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Showing posts from January 16, 2014

The truth about Israel's secret nuclear arsenal

Israel has been stealing nuclear secrets and covertly making bombs since the 1950s. And western governments, including Britain and the US, turn a blind eye. But how can we expect Iran to curb its nuclear ambitions if the Israelis won't come clean?

Julian Borger



Israel's nuclear reactor at Dimona. Photograph: Getty Images


Deep beneath desert sands, an embattled Middle Eastern state has built a covert nuclear bomb, using technology and materials provided by friendly powers or stolen by a clandestine network of agents. It is the stuff of pulp thrillers and the sort of narrative often used to characterise the worst fears about the Iranian nuclear programme. In reality, though, neither US nor British intelligence believe Tehran has decided to build a bomb, and Iran's atomic projects are under constant international monitoring.

The exotic tale of the bomb hidden in the desert is a true story, though. It's just one that applies to another country. In an extraordinary feat of s…

ICC Receives “Devastating” Dossier on British War Crimes

By Felicity Arbuthnot

January 15, 2014 - A “devastating” two hundred and fifty page document: “The Responsibility of UK Officials for War Crimes Involving Systematic Detainee Abuse in Iraq from 2003-2008″, has been “presented to the International Criminal Court, and could result in some of Britain’s leading defence figures facing prosecution for “systematic” war crimes” the (London) Independent on Sunday has revealed.(i)

The dossier charges that: ‘ “those who bear the greatest responsibility” for alleged war crimes “include individuals at the highest levels” of the British Army and political system.’

Among those named, states the Independent, are two former Defence Ministry supremos, Geoff Hoon and Adam Ingram, Defence Secretary and Minister of State for the Armed Forces, respectively, under Tony Blair’s premiership, during the planning and invasion of Iraq and for most of the UK’s occupation. General Sir Peter Wall, head of the British Army is also named.

Shocking allegations have been c…

U.S. Naval Update Map: Jan. 16, 2014

The Naval Update Map shows the approximate current locations of U.S. Carrier Strike Groups and Amphibious Ready Groups, based on available open-source information. No classified or operationally sensitive information is included in this weekly update. CSGs and ARGs are the keys to U.S. dominance of the world's oceans. A CSG is centered on an aircraft carrier, which projects U.S. naval and air power and supports a Carrier Air Wing, or CVW. The CSG includes significant offensive strike capability. An ARG is centered on three amphibious warfare ships, with a Marine Expeditionary Unit embarked. An MEU is built around a heavily reinforced and mobile battalion of Marines.
Carrier Strike Groups
The USS Harry S. Truman CSG with CVW 3 embarked is underway in the U.S. 5th Fleet area of responsibility supporting maritime security operations and conducting theater security cooperation efforts.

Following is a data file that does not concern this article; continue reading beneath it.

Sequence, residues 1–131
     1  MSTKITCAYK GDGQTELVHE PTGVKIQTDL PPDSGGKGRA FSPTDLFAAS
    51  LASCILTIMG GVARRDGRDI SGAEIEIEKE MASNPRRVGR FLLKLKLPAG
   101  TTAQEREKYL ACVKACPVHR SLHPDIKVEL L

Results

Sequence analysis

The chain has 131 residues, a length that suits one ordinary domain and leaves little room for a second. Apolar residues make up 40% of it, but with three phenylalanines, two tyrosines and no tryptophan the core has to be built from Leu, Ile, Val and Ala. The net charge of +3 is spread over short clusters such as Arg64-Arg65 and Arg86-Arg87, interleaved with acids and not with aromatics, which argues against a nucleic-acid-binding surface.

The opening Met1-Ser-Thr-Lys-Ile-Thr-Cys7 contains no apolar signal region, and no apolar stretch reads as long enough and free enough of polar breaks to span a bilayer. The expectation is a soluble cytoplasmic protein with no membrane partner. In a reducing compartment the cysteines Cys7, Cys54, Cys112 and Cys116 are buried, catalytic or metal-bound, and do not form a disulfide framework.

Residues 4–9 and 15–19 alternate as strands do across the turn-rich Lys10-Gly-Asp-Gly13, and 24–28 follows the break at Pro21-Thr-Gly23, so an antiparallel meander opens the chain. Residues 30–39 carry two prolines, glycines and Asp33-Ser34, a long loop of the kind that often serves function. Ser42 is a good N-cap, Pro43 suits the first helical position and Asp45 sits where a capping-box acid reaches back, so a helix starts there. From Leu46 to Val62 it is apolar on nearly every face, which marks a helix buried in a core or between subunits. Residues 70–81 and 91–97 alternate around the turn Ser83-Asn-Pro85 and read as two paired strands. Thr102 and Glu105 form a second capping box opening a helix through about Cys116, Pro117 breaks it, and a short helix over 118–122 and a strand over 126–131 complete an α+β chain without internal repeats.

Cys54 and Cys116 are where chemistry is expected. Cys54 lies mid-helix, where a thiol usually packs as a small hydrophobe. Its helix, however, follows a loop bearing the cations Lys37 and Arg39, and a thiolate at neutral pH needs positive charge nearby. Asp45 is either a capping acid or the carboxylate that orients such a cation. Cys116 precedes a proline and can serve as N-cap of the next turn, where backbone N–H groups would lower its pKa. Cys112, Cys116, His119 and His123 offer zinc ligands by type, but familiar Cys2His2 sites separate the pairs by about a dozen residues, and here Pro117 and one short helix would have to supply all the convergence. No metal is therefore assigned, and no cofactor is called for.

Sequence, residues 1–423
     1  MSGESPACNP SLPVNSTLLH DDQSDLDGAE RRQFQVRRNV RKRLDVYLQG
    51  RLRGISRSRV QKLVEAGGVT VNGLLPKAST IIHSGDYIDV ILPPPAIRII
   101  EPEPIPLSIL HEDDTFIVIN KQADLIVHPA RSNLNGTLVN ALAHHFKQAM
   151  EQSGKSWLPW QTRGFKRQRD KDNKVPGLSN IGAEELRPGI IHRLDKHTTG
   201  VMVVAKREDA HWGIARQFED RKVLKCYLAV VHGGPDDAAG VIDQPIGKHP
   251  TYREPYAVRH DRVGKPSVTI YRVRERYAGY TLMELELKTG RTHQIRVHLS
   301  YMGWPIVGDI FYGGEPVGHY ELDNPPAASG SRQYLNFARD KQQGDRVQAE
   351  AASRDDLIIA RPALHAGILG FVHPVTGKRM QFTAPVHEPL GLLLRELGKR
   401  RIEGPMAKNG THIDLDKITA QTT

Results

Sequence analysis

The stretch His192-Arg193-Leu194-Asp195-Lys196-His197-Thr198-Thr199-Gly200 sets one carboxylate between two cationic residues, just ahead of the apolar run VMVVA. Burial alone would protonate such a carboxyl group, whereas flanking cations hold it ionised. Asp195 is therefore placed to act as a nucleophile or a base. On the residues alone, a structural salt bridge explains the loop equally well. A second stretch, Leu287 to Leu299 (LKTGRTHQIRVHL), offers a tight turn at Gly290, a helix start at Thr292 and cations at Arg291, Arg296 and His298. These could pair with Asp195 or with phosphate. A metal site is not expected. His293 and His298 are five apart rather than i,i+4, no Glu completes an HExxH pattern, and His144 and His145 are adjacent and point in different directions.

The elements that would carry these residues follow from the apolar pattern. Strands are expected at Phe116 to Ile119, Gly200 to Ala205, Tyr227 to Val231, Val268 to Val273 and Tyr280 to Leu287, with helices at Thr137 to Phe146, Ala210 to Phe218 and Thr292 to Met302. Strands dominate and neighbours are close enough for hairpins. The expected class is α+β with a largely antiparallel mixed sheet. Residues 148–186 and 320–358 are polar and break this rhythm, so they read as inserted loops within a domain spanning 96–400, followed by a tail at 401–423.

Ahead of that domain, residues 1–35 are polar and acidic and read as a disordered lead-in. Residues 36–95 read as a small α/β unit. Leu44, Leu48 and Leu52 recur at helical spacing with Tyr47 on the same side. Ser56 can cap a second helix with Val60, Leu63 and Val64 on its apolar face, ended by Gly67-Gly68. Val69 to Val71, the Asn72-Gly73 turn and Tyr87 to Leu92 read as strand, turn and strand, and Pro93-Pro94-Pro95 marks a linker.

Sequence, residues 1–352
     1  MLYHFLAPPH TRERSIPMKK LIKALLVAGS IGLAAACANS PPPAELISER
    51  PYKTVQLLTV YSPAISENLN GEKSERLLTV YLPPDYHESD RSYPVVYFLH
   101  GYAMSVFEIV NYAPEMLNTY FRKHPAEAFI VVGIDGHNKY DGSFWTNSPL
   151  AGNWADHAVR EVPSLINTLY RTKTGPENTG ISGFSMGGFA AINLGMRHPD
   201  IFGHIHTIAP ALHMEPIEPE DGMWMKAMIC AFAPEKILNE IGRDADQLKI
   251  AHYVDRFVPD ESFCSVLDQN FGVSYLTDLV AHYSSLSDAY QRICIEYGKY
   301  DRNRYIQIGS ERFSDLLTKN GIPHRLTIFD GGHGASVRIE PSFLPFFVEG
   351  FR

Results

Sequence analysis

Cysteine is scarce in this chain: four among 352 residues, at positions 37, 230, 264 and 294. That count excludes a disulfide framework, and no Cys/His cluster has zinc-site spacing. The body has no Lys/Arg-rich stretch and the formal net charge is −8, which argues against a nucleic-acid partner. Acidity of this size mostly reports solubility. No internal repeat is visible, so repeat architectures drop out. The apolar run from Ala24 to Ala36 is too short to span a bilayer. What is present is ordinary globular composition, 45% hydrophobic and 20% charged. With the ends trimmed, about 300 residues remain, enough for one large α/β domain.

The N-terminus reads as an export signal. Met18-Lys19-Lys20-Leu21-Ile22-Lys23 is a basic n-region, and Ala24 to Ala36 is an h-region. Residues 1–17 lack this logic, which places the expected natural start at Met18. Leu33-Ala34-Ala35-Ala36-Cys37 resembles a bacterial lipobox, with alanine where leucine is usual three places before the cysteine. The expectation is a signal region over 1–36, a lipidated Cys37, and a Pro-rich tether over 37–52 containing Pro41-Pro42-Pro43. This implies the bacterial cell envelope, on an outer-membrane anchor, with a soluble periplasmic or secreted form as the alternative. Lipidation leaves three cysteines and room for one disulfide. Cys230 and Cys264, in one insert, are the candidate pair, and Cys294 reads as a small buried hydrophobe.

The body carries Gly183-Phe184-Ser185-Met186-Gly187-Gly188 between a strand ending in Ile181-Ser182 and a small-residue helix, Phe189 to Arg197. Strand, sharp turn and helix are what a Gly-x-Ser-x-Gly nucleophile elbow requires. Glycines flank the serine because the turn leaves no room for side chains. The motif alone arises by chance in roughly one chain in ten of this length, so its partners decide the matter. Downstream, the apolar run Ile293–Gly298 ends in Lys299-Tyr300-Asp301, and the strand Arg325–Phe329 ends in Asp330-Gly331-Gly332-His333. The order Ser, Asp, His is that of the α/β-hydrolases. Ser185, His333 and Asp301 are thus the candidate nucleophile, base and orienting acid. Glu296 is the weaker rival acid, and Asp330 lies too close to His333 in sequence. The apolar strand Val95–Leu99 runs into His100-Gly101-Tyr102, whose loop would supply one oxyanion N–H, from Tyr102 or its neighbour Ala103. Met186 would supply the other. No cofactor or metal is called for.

Amphibious Ready Groups/Marine Expeditionary Units
The USS Boxer ARG with the 13th MEU embarked is u…

In Thailand, Political Instability Threatens New Opportunities in Southeast Asia

A Thai anti-government protester attends a rally in Bangkok on Jan. 15. ( Ed Wray/Getty Images)

Summary


The popular unrest that has brought Thai politics to a standstill is not particularly remarkable; political instability in the country has occurred cyclically over the past decade, and it shows no sign of abating anytime soon. What is remarkable about the current bout of turmoil is that it could prevent Thailand from benefiting from emerging economic developments in Southeast Asia.

Over the past century, Thailand's geopolitical advantages, namely its strategic location and ethnic and cultural influence, have conferred on the country a regional leadership role. But Southeast Asia is changing: Manufacturers are leaving China as it moves up the value chain, the region is slowly integrating economically, the United States is turning its attention away from the Middle East toward the Asia-Pacific region, and Beijing is trying to expand its influence in Southeast Asia. If instability p…

Japan's Naval Ambitions in the Indian Ocean

Japan Maritime Self-Defense Force ships off Sagami Bay in Japan's Kanagawa prefecture. (KAZUHIRO NOGI/AFP/GettyImages)

Summary


Japan is trying to improve its strategic position by expanding military ties with India and boosting its naval presence in the Indian Ocean. According to Indian media reports on Jan. 13, Japanese Defense Minister Itsunori Onodera has requested that Japan be allowed to participate in this year's annual Malabar naval exercise between the United States and India. Though Japan has previously participated in a few Malabar exercises, the Indians have often declined to invite the Japanese, despite U.S. pressure, in order to avoid provoking China. Japan's engagement with India is not so much tailored toward the creation of a joint Indo-Japanese front against China -- a politically untenable goal at the moment -- as much as it is about bolstering Japan's own position in the Indian Ocean.

Analysis


Tokyo's request to participate in the naval exercises …